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I usually cringe whenever Stephen Hawking’s name comes up in a conversation about AI. If the world was divided into critics and believers, Hawking would certainly fall into the AI critic column, but slotting him there ignores a great deal of nuance to his position on artificial intelligence. With his death earlier this week, I fear people will only remember which side he was on and miss his thoughtful perspectives on what specific dangers could lie ahead.

To be clear, Hawking was no great fan of general artificial intelligence. He repeatedly said that a superintelligent AI could spell the end of humanity. His argument was fairly straightforward: A superintelligence would be able to pursue its goals incredibly competently, and if those goals weren’t aligned with humanity’s, we’d get run over.

“You’re probably not an evil ant-hater who steps on ants out of malice, but if you’re in charge of a hydroelectric green energy project and there’s an anthill in the region to be flooded, too bad for the ants,” he wrote in a 2015 question-and-answer session on Reddit. “Let’s not place humanity in the position of those ants.”

In his public remarks, Hawking also warned about AI being used as a tool of oppression — empowering the few against the many and deepening already existing inequality. And yes, he did warn about AI-based weapons systems.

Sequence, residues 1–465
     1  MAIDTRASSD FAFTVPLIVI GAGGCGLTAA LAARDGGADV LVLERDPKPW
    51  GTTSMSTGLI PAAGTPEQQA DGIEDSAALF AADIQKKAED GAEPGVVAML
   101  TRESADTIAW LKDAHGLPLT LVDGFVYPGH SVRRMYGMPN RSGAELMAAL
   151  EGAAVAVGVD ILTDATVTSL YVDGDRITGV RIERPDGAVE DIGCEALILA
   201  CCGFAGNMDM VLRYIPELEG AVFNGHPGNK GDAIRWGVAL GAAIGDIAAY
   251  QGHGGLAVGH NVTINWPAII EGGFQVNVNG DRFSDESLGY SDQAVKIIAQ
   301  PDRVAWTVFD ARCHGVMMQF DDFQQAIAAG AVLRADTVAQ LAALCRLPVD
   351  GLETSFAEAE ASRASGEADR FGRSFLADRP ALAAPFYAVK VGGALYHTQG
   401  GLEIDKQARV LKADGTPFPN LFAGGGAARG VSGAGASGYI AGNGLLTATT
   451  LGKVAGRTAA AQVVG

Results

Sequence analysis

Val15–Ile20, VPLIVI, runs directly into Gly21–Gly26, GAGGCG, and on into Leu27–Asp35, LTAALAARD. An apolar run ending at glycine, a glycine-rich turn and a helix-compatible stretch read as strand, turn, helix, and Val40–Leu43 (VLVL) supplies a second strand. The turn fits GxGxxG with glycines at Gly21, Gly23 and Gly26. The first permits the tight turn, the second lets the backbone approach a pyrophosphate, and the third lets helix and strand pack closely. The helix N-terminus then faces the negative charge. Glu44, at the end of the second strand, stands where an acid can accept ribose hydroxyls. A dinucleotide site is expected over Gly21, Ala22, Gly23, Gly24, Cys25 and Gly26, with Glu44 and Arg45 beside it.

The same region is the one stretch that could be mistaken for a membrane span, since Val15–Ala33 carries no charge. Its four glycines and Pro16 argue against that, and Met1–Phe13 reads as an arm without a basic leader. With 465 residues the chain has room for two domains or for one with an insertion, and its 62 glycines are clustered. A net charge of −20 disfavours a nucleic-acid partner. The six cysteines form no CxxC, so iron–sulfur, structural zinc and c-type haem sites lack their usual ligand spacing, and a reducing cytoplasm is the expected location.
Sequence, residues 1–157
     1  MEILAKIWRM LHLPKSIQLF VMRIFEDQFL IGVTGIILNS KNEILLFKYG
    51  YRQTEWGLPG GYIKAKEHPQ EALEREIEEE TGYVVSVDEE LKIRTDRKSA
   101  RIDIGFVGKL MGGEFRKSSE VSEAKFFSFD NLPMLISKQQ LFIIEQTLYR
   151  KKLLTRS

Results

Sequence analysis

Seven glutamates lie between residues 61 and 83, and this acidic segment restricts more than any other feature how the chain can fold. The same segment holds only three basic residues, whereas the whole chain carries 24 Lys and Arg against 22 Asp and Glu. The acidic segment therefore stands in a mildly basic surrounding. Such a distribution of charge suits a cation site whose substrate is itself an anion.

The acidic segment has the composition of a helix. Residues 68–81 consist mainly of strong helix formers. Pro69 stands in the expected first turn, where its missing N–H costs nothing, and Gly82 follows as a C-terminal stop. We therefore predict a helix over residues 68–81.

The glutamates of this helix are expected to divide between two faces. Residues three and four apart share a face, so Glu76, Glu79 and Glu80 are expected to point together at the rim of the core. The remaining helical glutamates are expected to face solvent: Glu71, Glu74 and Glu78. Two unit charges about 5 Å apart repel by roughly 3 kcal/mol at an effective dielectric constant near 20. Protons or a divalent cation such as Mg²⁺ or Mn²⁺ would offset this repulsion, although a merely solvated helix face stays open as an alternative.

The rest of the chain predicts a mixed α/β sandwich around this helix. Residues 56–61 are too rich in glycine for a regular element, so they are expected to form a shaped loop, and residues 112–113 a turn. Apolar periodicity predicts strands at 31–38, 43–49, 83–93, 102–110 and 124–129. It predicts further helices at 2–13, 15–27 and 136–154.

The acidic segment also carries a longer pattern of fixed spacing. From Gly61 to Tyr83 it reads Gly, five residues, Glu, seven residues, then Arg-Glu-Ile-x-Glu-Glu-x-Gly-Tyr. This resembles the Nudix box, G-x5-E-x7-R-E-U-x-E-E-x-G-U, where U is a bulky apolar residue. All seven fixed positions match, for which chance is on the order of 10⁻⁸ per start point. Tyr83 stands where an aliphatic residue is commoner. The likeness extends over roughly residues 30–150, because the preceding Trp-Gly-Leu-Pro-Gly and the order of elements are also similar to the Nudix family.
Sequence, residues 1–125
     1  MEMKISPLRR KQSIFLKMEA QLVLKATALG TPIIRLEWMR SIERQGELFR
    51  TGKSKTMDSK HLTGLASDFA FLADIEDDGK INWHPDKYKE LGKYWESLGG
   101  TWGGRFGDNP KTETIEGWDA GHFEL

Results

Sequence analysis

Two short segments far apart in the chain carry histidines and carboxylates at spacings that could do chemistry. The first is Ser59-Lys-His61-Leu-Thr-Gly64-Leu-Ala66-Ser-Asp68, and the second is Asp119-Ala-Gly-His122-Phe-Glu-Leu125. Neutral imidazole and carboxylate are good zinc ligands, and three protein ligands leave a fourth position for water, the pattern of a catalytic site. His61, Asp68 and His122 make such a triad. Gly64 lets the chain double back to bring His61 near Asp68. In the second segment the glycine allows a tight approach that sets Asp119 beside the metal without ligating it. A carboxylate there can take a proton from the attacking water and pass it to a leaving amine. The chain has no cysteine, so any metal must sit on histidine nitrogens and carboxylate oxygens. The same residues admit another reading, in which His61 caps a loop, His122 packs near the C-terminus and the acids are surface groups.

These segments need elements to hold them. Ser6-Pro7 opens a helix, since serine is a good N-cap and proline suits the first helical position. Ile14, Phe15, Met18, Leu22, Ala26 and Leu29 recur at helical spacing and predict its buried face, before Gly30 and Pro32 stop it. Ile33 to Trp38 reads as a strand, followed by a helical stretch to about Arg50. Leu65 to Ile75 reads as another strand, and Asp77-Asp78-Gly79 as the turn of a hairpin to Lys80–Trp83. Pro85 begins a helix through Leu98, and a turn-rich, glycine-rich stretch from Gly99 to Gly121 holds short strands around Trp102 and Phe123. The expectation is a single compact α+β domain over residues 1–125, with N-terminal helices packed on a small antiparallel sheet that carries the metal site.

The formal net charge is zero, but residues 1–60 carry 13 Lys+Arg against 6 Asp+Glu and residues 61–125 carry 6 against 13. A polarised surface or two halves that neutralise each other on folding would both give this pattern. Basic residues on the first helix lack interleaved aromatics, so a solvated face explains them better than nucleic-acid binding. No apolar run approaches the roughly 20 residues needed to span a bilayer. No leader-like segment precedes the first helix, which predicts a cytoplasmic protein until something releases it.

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His arguments didn’t seem to stem from a belief in malicious AI systems, but rather radically indifferent ones that won’t wield their power beneficially.

But at the same time, he was optimistic that AI could be the best thing to happen to humanity, if built correctly to benefit us. His advocacy came from a belief that it was possible to develop a set of best practices that would lead to the creation of beneficial AI.

There’s one other important component to Hawking’s AI criticism: a healthy skepticism for those who predict the arrival of superintelligence in a particular time frame.

“There’s no consensus among AI researchers about how long it will take to build human-level AI and beyond, so please don’t trust anyone who claims to know for sure that it will happen in your lifetime or that it won’t happen in your lifetime,” he wrote.

When superintelligent AI does arrive, here’s hoping we actually remember what he had to say.

For AI coverage, send news tips to Blair Hanley Frank and Khari Johnson, and guest post submissions to Cosette Jarrett — and be sure to bookmark our AI Channel.

Thanks for reading,

Blair Hanley Frank

AI Staff Writer

P.S. Please enjoy this video of Stephen Hawking’s appearance at Web Summit last year:

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